General Daud and Mir Alam run Kunduz like a fiefdom, this was not acceptable for the Kabul government, in an attempt to break their grip Karzai lured Gen. Daud to Kabul by appointing him as the national deputy minister of interior in 2004.
Mir Alam for his influence was not bestowed with a position in the government. A state position would greatly enhance his legitimacy and contact with regional, national and international powers. He started to cause trouble for the Kabul regime, for instance in 2005 Mir Alam men launched several attacks on Afghan police and security forces.[3] This is just before the parliamentary election when security is paramount; in order to ensure security Karzai’s most viable choice was to reward Mir Alam with a senior position in the government. Mir Alam was appointed chief of police of neighbouring Baghlan province in June 2005. To become the chief of police, he had to hand over a large cache of 765 weapons plus ammunition to Motaleb Beg as part of the deal.[4]  Mir Alam soon found himself in quarrel with another Jamiat strongman, the commander of the North and Northeast Highway Police brigade turned 20th AMF Brigade, Abdul Khalil Andarabi. According to US government information, they competed for the control of drug traffic routes[5]. Since Andarabi and his influential father, Juma Khan, originated from this province, he apparently gathered more supporters and edged out Mir Alam.

From 2009 with the US military surge and the accompanying worsening security situation Shurai Nazar faction and Jamiat Islami also successfully used efforts to contain the Taliban to improve their own power position.

In 2010 the Americans enlisted Mir Alam among others to run the Arbaki programme in Kunduz. He received millions in cash and weapon in exchange for fighting the Taliban, which very often meant his political opponents.[6] Given military power without any political strain meant that Mir Alam men had a free rein in looting the villagers with impunity.

In September 2010, the appointments of two other famous commanders of Jamiat also affected the security set up in Kunduz. General Daud returned as 303rd Pamir Police Zone commander to the north. The charismatic Sayedkheli became the Kunduz provincial chief of police. He had gained a legendary reputation in Shura-ye Nazar as the defender of his home area, Shomali near Kabul, against Taliban and Pakistani forces in the late 1990s. In Kunduz, Sayedkheli successfully sidelined the mayor of Kunduz City, Mohammad Ghulam Farhad, a Pashtoon who supported Taliban in the 1990s.

Bismillah, Daud, and Sayedkheli  all Shurai Nizar of Jamiat acted as trio in fighting the Taliban in Kunduz. From his ministerial position, Bismillah provided 1,125 ALP positions for the organisational chart (tashkeel) of the province in addition to the original 1,810 regular ANP officers. Of these ALP positions, 300 each went to Chahar Dara, Dasht-e Archi, and Imam Sahib, while Kunduz district received 225. In Kunduz, Sayedkheli therefore could use the ALP positions to establish a clientele. Mir Alam’s force, which was mainly in Khanabad, was not integrated. Since no complaints by him are known, it seems that he preferred to remain in the NDS-operated Arbaki programme. Nabi Gechi on the other hand, who had fought previously against Shura-ye Nazar got nothing.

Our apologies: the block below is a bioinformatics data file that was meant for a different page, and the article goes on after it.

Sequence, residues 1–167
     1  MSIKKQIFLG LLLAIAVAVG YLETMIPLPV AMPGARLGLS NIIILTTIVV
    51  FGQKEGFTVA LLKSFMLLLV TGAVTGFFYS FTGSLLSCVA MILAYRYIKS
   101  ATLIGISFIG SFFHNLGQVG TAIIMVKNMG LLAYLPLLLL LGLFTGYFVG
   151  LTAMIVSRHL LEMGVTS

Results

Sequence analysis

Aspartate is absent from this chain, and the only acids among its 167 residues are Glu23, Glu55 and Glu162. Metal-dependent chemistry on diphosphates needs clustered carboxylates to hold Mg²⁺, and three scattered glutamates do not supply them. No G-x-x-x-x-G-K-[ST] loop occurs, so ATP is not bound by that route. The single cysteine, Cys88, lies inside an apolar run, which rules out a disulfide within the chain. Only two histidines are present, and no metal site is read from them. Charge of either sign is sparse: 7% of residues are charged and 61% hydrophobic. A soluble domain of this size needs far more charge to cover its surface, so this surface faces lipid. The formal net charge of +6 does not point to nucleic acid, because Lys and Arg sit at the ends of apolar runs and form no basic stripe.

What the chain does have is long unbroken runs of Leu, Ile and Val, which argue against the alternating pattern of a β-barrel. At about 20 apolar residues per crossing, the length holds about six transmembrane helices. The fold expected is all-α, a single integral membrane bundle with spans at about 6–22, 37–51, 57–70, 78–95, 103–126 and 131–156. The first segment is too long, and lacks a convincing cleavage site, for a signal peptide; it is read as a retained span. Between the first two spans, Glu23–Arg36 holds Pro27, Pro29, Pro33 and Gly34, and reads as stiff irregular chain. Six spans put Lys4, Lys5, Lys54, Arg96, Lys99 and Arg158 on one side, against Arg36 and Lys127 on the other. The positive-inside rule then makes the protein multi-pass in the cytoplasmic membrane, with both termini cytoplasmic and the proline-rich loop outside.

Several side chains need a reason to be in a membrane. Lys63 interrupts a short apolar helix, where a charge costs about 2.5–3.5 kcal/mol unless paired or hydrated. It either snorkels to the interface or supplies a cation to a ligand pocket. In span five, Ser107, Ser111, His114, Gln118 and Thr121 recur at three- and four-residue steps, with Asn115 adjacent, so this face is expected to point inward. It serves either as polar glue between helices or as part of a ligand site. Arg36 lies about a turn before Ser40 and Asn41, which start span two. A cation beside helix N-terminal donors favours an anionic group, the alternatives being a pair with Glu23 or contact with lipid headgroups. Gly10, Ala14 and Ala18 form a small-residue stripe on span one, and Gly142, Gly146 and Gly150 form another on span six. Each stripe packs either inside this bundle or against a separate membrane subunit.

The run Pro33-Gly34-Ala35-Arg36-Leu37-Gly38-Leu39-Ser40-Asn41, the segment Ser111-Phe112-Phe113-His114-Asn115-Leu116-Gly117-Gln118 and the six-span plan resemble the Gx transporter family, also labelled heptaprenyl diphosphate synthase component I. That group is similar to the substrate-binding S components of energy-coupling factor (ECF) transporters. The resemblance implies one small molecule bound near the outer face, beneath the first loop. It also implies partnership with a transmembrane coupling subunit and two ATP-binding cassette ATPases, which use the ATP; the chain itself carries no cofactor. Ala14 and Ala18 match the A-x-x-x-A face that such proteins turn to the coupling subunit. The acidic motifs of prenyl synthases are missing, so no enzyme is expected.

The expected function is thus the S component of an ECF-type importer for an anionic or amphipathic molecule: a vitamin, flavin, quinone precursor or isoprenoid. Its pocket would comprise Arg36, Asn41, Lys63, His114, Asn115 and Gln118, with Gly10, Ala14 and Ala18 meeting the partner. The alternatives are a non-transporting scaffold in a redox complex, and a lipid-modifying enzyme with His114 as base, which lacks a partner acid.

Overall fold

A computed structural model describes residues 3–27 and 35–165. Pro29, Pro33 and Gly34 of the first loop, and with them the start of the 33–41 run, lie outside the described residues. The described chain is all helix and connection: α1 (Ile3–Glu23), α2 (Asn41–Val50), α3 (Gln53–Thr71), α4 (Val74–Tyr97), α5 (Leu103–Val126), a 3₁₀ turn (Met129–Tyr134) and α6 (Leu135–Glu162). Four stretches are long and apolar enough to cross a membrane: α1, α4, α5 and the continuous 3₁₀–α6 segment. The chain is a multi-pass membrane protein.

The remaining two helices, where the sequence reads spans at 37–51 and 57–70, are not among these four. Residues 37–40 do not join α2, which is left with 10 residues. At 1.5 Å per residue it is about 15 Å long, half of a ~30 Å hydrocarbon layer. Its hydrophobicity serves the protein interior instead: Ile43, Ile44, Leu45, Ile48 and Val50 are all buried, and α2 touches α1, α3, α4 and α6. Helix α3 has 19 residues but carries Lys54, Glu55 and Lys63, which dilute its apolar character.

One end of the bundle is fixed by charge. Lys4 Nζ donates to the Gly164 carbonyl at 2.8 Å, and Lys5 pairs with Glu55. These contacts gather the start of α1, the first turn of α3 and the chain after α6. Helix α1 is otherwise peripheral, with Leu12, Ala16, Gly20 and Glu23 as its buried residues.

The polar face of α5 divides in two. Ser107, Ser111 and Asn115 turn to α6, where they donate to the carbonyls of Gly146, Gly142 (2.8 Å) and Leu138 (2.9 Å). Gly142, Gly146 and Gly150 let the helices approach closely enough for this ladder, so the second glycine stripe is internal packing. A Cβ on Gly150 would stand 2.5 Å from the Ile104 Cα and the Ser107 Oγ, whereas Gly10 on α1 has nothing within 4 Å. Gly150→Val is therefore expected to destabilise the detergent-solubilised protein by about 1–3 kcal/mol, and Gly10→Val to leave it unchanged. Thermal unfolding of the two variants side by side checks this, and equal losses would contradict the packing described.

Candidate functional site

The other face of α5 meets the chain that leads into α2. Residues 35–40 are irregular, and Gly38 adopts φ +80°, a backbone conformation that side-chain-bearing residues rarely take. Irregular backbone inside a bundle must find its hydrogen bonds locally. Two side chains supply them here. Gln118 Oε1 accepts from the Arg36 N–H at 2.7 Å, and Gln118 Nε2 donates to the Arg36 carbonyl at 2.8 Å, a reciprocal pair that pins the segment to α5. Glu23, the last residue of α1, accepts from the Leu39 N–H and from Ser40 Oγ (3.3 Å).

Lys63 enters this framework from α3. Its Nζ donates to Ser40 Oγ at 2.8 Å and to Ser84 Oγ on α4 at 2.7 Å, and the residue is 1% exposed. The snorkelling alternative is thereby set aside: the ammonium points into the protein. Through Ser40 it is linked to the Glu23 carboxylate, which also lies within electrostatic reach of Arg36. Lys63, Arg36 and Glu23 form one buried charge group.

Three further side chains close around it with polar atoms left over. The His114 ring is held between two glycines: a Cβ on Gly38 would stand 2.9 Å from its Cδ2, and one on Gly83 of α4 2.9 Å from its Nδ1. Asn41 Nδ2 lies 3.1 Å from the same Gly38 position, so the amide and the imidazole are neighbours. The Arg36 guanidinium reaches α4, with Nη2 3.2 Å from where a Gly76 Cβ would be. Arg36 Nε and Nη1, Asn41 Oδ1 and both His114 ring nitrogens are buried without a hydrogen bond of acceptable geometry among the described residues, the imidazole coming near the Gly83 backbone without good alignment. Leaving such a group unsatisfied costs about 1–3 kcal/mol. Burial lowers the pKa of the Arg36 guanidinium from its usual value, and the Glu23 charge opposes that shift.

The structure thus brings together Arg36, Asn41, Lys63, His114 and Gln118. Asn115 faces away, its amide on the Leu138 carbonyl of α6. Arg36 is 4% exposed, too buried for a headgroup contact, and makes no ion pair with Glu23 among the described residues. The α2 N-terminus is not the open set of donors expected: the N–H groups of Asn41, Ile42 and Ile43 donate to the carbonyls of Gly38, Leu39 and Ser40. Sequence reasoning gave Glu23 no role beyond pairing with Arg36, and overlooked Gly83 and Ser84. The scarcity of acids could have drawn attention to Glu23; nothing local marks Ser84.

In October 2010, Sayedkheli negotiated successfully with Taleban leaders in who had previously fought on the insurgents’ side. He persuaded them with positive incentives – assets in the form of ALP positions and goods from the internationally funded Afghanistan Peace and Reintegration Program (APRP) to ‘reintegrate’ insurgents – and with threats – such as bringing down the wrath of the mighty US army on them. These successful negotiations allowed Sayedkheli’s ANP and US infantry forces, together with militias led by Mir Alam and another Shurai Nizar subcommander Nawid, to recapture Aliabad and the south of Chahar Dara district in October and November 2010.

The US surge of 2010 and the Afghan militia campaign delivered a serious blow to the Taliban in Kunduz; after 2010, they did not control significant territory anymore. However, they continued to exist as an armed group and successfully changed their strategy, refocusing on clandestine operations.

[1] A political and military organisation that is expanding since the demise of the monarchy.  A Tanzim is a conglomerate of local commanders who are loose loyal to the organization for foreign support and balancing regional power structure.

[2] Soviets Complying On Afghan Withdrawal, U.S. Says, August 16, 1988|By Thom Shanker, Chicago Tribun

[3] Schetter and Glassner, ‘Neither Functioning, nor Failing . . .’, [see FN 5], 145
[4] Radio Afghanistan, ‘Commander Surrenders Weapons in Afghan North’, BBC Monitoring South Asia, 25 June 2005; Stapleton, ‘Disarming the Militias . . .’, [see FN 123], 7–8.
[5] US Embassy Kabul, ‘Kunduz Politics . . .’, [see FN 142]
[6] Commander Rauf of the Ibrahimi family of Hezbi Islami Tanzim integrated surrendered Taliban fighters into his force and occupied the old fortress of Kunduz, Bala Hisar. Mir Alam group called in US warplane and bombed the fortress. Rauf had to move from his position, which was immediately taken by Mir Alam’s men.  Interview with police officer and former fighter of Jamiat, Kunduz, December 2012; International Crisis Group, ‘Disarmament and Reintegration . . .’, [see FN 72], 10